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Hereditary Pyropoikilocytosis Workup

  • Author: Abdullah Kutlar, MD; Chief Editor: Emmanuel C Besa, MD  more...
Updated: Dec 06, 2015

Laboratory Studies

See the list below:

  • A complete blood count and a peripheral blood smear, like the one shown below, are the most important studies to obtain when testing for hereditary pyropoikilocytosis. A reticulocyte count and, possibly, other markers of hemolysis may be of use in these cases. Reticulocytosis should occur, depending on how well the patient's bone marrow is able to respond. The mean corpuscular volume (MCV), reported in femtoliters, may be as low as 25-55 fL. The peripheral blood smear of a patient with hereditary pyropoikilocytosis demonstrates bizarre forms, anisocytosis, fragments, micropoikilocytosis, microspherocytosis, and budding red blood cells.[4] See the image below.
    Peripheral smear that shows evidence of hereditaryPeripheral smear that shows evidence of hereditary pyropoikilocytosis.
  • Specialized hematology laboratories may also be able to perform both thermal sensitivity and osmotic fragility tests to confirm the diagnosis further. With this disorder, red blood cells should have thermal autohemolysis and increased osmotic fragility. Thermal sensitivity testing shows fragmentation of the red blood cells at temperatures as low as 45°C.
  • Monitor iron stores periodically to determine if iron chelation is required to prevent irreversible end-organ damage and dysfunction.

Other Tests

See the list below:

  • Evaluate the ratio of spectrin to band 3 to determine the spectrin level so that this entity can be differentiated from homozygous hemolytic elliptocytosis.
Contributor Information and Disclosures

Abdullah Kutlar, MD Director of Sickle Cell Center, Fellowship Program Director, Professor, Department of Internal Medicine, Section of Hematology and Oncology, Medical College of Georgia, Georgia Regents University

Abdullah Kutlar, MD is a member of the following medical societies: American Society of Hematology

Disclosure: Nothing to disclose.

Specialty Editor Board

Francisco Talavera, PharmD, PhD Adjunct Assistant Professor, University of Nebraska Medical Center College of Pharmacy; Editor-in-Chief, Medscape Drug Reference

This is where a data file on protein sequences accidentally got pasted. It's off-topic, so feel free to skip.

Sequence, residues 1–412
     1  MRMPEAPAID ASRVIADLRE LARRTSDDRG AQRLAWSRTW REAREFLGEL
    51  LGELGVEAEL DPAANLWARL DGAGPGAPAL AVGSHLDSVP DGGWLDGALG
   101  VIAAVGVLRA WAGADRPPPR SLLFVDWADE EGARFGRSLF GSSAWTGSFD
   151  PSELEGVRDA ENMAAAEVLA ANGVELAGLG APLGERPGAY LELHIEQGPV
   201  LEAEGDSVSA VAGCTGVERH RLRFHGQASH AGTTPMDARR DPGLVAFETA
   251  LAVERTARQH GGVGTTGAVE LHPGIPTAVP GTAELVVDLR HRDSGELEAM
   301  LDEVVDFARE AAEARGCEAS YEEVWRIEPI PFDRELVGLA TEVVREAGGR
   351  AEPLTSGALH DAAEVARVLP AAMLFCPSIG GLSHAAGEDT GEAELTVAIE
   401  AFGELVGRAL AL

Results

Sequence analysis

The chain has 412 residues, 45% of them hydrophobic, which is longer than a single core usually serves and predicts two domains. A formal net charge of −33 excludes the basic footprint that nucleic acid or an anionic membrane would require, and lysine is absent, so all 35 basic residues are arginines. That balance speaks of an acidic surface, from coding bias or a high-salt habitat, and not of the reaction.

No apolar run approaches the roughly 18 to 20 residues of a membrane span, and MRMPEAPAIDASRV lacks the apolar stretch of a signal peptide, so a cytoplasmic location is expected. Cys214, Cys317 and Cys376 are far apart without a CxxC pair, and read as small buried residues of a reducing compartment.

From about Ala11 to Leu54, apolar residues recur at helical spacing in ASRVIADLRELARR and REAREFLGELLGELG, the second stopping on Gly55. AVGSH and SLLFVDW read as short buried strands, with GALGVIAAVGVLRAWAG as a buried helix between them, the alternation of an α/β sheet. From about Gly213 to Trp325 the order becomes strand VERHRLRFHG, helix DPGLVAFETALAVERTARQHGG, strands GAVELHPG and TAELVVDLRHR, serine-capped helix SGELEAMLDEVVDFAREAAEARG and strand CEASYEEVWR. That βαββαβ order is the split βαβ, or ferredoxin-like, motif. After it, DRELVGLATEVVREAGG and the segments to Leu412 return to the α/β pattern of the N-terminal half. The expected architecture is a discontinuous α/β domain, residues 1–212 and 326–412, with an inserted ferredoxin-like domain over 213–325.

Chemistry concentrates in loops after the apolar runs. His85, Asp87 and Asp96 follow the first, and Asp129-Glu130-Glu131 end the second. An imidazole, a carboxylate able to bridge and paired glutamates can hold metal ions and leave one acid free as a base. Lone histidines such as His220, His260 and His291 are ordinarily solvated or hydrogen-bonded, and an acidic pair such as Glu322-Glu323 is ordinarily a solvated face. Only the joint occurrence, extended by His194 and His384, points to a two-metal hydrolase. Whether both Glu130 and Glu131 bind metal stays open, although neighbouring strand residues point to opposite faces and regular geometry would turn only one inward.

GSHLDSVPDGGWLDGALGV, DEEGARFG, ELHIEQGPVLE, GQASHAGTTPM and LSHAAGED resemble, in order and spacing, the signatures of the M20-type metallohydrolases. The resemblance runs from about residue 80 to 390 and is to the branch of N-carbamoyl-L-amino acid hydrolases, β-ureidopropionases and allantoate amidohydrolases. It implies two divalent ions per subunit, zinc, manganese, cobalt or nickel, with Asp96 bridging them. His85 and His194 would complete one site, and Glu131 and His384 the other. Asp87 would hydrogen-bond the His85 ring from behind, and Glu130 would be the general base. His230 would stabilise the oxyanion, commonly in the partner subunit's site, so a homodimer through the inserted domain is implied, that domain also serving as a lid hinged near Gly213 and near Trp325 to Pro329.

Disclosure: Received salary from Medscape for employment. for: Medscape.

Marcel E Conrad, MD Distinguished Professor of Medicine (Retired), University of South Alabama College of Medicine

Marcel E Conrad, MD is a member of the following medical societies: Alpha Omega Alpha, American Association for the Advancement of Science, American Association of Blood Banks, American Chemical Society, American College of Physicians, American Physiological Society, American Society for Clinical Investigation, American Society of Hematology, Association of American Physicians, Association of Military Surgeons of the US, International Society of Hematology, Society for Experimental Biology and Medicine, SWOG

Disclosure: Partner received none from No financial interests for none.

Chief Editor

Emmanuel C Besa, MD Professor Emeritus, Department of Medicine, Division of Hematologic Malignancies and Hematopoietic Stem Cell Transplantation, Kimmel Cancer Center, Jefferson Medical College of Thomas Jefferson University

Emmanuel C Besa, MD is a member of the following medical societies: American Association for Cancer Education, American Society of Clinical Oncology, American College of Clinical Pharmacology, American Federation for Medical Research, American Society of Hematology, New York Academy of Sciences

Disclosure: Nothing to disclose.

Additional Contributors

Karen Seiter, MD Professor, Department of Internal Medicine, Division of Oncology/Hematology, New York Medical College

Karen Seiter, MD is a member of the following medical societies: American Association for Cancer Research, American College of Physicians, American Society of Hematology

Disclosure: Received honoraria from Novartis for speaking and teaching; Received consulting fee from Novartis for speaking and teaching; Received honoraria from Celgene for speaking and teaching.


Amanda D May, MD Assistant Fellowship Director, Chief, Section of Hematology/Oncology, Augusta VAMC; Assistant Professor of Medicine, Department of Internal Medicine, Division of Hematology/Oncology, Medical College of Georgia

Amanda D May, MD is a member of the following medical societies: American College of Physicians, American Medical Association, and Southern Medical Association

Disclosure: Nothing to disclose.

  1. Harper SL, Sriswasdi S, Tang HY, Gaetani M, Gallagher PG, Speicher DW. The common hereditary elliptocytosis-associated a-spectrin L260P mutation perturbs erythrocyte membranes by stabilizing spectrin in the closed dimer conformation. Blood. 2013 Aug 23. [Medline].

  2. Da Costa L, Galimand J, Fenneteau O, Mohandas N. Hereditary spherocytosis, elliptocytosis, and other red cell membrane disorders. Blood Rev. 2013 Jul. 27(4):167-78. [Medline].

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  8. Lee GR, Foerster J, Lukens J, eds. Hereditary pyropoikilocytosis. In: Wintrobe's Clinical Hematology. Vol 1. Baltimore, Md: Williams & Wilkins. 1999:1146-7.

  9. Stiene-Martin AE, Lotspeich-Steininger CA, Koepke JA, eds. Hereditary pyropoikilocytosis. In: Clinical Hematology: Principles, Procedures, Correlations. Lippincott Williams & Wilkins. 1998:95, 257-8.

Peripheral smear that shows evidence of hereditary pyropoikilocytosis.
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